The Quran (English pronunciation: /kɒˈrɑːn/ kor-ahn;literally meaning "the recitation"), also transliterated Qur'an, Koran, Alcoran, Qur’ān, Coran, Kuran, and al-Qur’ān, is the central religious text of Islam, which Muslims consider the verbatim word of God (Arabic: Allah). It is regarded widely as the finest piece of literature in the Arabic language.
The Quran is composed of verses (Ayah) that make up 114 chapters (suras) of unequal length which are classified either as Meccan or Medinan depending upon their place and time of revelation. Muslims believe the Quran to be verbally revealed through angel Jibrīl (Gabriel) from God to Muhammad gradually over a period of approximately 23 years beginning in 610 CE, when Muhammad was 40, and concluding in 632 CE, the year of his death.
Shortly after Muhammad's death the Quran was compiled into a single book by order of the first Caliph Abu Bakr and at the suggestion of his future successor Umar. Hafsa, Muhammad's widow and Umar's daughter, was entrusted with that Quranic text after the second Caliph Umar died. When the third Caliph Uthman began noticing slight differences in Arabic dialect, he sought Hafsa's permission to use her text to be set as the standard dialect, the Quraish dialect now known as Fus'ha (Modern Standard Arabic). Before returning the text to Hafsa, Uthman made several thousand copies of Abu Bakr's redaction and, to standardize the text, invalidated all other versions of the Quran. This process of formalization is known as the "Uthmanic recension".The present form of the Quran text is accepted by most scholars as the original version compiled by Abu Bakr.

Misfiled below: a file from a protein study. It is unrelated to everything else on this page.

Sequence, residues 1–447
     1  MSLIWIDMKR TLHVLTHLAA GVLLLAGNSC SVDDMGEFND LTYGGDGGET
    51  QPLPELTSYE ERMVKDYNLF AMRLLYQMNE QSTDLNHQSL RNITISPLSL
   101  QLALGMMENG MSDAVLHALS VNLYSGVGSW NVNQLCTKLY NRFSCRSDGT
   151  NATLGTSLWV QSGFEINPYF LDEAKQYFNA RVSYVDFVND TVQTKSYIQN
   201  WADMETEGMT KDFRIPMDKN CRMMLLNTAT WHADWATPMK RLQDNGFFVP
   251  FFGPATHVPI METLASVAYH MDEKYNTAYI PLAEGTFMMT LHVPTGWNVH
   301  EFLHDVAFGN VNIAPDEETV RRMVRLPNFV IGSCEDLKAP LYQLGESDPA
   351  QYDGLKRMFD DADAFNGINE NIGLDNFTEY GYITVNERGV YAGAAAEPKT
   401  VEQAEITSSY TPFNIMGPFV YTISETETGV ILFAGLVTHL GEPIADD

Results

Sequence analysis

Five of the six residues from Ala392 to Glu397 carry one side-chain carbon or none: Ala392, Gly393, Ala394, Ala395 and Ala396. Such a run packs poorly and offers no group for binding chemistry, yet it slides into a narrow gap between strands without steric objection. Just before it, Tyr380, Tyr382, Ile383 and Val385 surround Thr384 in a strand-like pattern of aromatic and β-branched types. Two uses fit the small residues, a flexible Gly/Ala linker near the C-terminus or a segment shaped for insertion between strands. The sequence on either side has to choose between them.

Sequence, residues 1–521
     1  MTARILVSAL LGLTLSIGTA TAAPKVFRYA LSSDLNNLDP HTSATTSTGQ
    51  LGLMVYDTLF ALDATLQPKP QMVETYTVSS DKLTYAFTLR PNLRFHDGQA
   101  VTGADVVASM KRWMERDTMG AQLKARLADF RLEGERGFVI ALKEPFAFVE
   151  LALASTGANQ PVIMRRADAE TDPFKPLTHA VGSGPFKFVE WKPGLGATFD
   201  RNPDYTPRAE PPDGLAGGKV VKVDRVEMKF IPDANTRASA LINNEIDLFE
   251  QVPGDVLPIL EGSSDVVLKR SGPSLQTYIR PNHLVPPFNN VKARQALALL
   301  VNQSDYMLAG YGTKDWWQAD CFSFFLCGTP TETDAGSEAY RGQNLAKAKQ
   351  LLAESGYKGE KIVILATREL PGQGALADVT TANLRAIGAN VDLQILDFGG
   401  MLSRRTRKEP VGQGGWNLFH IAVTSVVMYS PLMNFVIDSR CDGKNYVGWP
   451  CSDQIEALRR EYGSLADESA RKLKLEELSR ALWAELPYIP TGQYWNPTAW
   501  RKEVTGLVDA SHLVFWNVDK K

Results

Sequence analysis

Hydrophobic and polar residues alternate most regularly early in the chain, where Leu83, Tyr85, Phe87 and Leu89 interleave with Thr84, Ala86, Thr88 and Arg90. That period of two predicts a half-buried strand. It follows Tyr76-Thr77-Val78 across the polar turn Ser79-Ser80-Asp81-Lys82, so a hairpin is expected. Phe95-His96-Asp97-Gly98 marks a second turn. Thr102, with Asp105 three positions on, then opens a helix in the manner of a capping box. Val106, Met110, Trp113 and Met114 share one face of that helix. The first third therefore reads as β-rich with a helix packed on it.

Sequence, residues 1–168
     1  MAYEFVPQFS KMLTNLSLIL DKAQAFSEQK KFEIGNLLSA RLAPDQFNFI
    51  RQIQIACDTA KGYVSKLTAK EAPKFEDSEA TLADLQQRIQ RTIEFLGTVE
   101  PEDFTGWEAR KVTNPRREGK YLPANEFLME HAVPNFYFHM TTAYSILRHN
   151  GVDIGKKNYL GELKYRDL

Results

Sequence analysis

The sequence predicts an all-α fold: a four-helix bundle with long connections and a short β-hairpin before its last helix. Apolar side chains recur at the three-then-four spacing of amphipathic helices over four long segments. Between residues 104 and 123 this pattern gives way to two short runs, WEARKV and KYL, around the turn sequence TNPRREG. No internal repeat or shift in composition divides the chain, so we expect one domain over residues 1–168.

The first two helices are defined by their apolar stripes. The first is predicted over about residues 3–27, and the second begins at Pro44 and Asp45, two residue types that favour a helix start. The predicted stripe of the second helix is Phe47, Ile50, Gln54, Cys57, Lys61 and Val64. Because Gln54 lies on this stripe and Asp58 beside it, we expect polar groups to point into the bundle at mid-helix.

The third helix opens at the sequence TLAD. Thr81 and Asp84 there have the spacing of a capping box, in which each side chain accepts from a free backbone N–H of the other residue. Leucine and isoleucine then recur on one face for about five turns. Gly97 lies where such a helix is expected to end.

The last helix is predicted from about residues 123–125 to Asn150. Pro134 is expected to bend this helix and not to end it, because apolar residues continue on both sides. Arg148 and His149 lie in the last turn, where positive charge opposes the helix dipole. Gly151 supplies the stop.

Muslims regard the Quran as the main miracle of Muhammad, the proof of his prophethood and the culmination of a series of divine messages that started with the messages revealed to Adam, regarded in Islam as the first prophet,and continued with the Suhuf Ibrahim (Scrolls of Abraham),the Tawrat (Torah or Pentateuch) of Moses,the Zabur (Tehillim or Book of Psalms) of David, and the Injil (Gospel) of Jesus. The Quran assumes familiarity with major narratives recounted in Jewish and Christian scriptures, summarizing some, dwelling at length on others and in some cases presenting alternative accounts and interpretations of events.The Quran describes itself as a book of guidance, sometimes offering detailed accounts of specific historical events, and often emphasizing the moral significance of an event over its narrative sequence.